Cantare Studio

VOICE AND THE ALEXANDER TECHNIQUE

Posted on Tuesday, October 17, 2017 by Marieke Schuurs

Singing is not an activity! Singing is one of the clearest examples of embodied thought that I know of.  The movement part of singing is a long, steady exhalation.  A full breath and a relaxed, open throat are determined by how well we are balanced through our skeleton, so that our internal systems can move unimpeded by outer muscle tension. The rest of singing (onset of sound, pitches/notes, resonance, words, rhythm, communication) is a combination of awareness and thought. You are aware of your balance, your breath, your audience, your accompaniment. You decide to start your sound as you begin your long, steady exhalation. You think of all the notes, words and meaning that make up a phrase as you continue your exhalation. Your long steady exhalation then reflexively encourages a full, complete inhalation for the next phrase.  Try this: sitting balanced on a chair, breathe out slow and steady while you think of a phrase of a song. Repeat a couple of times, each time letting the breath reflexively return. Then actually sing the phrase - what is the experience like?  Is it similar to how you normally sing? How is it different?


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Posted on Monday, April 24, 2017 by Marieke Schuurs

" The doctor of the future will give no medicine but instead will interest his patients in the care of the human frame, in diet, and in the cause and prevention of disease."  I re-found this quote by Thomas Edison the other day and became interested in it's educational aspect, as well as noting that the care of the human frame is first on his list, and cause and prevention of disease is last.  Who teaches care of the human frame today?  Physical therapists, Massage therapists, Chiropractors, Fitness trainers, and Alexander Technique, Feldenkrais, and Yoga teachers - to name a few.  But are we educating as we relieve symptoms?  Are we teaching clients to understand themselves?  "Give a man a fish and you feed him for a day.  Teach a man to fish and you feed him for a lifetime."  This familiar quote has evolved from many different sources.  Why wouldn't we educate our clients?  The pool of humans who can learn something new about themselves in order to live healthier lives is infinite. An educator continues to learn for herself and passes down her information to her clients, becoming a conduit of information in a particular field.  Learning happens through touch/experience, through audio and visual presentation, and mostly through dialogue.  Are you an educator?  How do you define what you do?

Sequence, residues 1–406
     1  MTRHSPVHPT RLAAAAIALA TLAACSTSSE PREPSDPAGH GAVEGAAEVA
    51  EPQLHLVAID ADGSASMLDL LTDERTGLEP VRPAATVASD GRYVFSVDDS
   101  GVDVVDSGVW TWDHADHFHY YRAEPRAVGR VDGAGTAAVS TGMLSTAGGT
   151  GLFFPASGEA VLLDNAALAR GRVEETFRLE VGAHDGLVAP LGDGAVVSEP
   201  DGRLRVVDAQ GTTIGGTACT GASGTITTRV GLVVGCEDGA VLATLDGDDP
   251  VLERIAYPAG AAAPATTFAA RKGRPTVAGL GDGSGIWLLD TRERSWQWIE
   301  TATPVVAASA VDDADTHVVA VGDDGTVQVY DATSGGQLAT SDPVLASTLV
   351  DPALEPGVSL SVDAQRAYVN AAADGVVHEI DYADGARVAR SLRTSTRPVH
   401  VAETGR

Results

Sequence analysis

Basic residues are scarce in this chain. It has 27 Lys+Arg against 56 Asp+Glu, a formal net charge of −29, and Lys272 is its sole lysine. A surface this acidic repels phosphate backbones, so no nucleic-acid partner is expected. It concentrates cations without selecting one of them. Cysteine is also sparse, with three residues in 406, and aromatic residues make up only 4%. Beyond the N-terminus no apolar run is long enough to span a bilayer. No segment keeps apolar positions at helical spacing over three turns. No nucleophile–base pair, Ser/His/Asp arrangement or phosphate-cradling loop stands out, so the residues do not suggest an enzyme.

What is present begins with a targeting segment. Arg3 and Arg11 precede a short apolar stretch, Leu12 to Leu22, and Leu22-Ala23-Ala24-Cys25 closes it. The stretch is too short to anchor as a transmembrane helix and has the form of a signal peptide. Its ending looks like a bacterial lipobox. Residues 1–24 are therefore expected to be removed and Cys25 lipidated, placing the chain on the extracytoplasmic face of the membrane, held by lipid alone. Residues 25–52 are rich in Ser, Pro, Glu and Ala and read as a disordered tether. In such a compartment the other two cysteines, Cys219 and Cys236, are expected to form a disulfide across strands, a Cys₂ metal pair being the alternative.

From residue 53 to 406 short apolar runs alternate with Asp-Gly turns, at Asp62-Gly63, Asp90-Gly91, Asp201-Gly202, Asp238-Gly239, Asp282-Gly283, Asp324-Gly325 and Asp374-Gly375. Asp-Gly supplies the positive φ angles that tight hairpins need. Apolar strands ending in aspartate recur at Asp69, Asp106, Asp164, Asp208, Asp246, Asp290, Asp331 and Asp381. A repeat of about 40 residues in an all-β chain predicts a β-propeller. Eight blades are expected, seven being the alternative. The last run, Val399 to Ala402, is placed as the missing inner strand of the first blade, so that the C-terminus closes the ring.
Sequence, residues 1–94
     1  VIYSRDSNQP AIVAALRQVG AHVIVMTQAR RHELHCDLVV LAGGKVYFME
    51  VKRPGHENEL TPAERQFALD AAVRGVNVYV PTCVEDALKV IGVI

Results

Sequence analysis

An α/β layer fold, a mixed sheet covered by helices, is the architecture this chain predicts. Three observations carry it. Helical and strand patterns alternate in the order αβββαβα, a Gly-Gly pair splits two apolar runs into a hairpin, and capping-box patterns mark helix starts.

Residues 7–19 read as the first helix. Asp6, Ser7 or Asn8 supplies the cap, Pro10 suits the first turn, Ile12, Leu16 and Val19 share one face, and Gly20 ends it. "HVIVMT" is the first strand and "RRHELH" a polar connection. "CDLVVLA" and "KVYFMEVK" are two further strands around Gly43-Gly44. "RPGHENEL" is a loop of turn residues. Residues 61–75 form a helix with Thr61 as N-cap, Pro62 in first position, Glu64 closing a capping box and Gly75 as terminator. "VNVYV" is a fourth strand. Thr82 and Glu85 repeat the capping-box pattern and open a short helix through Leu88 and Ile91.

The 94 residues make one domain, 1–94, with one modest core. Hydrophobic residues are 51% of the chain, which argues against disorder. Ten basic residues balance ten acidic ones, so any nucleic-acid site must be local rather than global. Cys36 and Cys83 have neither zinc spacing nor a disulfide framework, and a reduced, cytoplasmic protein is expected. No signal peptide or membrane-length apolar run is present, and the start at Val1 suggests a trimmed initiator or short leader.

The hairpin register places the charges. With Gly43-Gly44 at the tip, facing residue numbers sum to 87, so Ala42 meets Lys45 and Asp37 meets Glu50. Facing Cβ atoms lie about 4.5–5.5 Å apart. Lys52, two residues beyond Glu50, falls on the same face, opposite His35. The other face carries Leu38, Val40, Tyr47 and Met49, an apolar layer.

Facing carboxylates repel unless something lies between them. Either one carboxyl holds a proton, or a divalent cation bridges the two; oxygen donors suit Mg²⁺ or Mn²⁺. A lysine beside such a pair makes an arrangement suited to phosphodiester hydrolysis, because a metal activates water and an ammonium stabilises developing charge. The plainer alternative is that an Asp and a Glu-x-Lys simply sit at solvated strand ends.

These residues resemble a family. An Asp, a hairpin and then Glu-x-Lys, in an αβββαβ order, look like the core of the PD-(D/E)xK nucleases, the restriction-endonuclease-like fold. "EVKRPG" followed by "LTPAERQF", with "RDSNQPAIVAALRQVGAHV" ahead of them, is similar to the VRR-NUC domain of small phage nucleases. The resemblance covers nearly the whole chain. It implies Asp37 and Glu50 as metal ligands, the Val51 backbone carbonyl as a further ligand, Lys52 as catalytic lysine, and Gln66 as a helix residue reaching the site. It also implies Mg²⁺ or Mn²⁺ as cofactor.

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Posted on Monday, April 17, 2017 by Marieke Schuurs

The Alexander Technique, at it's philosophical core, is based on the idea that the mind/body is an indivisible entity.  This is being supported by recent research in fascia, the connective tissue that is woven throughout everything inside us.  I took a walk the other day and noticed that my legs were moving ahead of the rest of me, indicating that I was leaning back. My first instinct was to correct by leaning forward, but I found I was working harder to walk (ie; more muscles were engaging). Then I thought, "Oh yes, my head needs to move forward and away in order to re-balance myself."  No sooner had I thought my thought, than my system adjusted and my balance improved with no extra work this time.  In fact, the re-balancing was so gentle that I didn't feel like I was moving at all, but my legs were definitely more underneath me and my walk more effortless.  Take this mind/body idea in a different direction - we know that as soon as you think a pitch (note), your vocal folds respond and change length for that note, even if you are not singing, but just have a piece of song running through your mind.  We also know that anxious or negative thoughts create both chemical and physical responses, changing breathing, core temperature, our ability to take in information through our senses and level of muscle activity (to name a few).  Conversely, a true "happy thought" is an instant energy boost.  I've been searching for a word that successfully encompasses mind/body indivisibility, but haven't found one yet - maybe we need to invent one?  Or find one from another culture and language?  More on this topic over the next few weeks...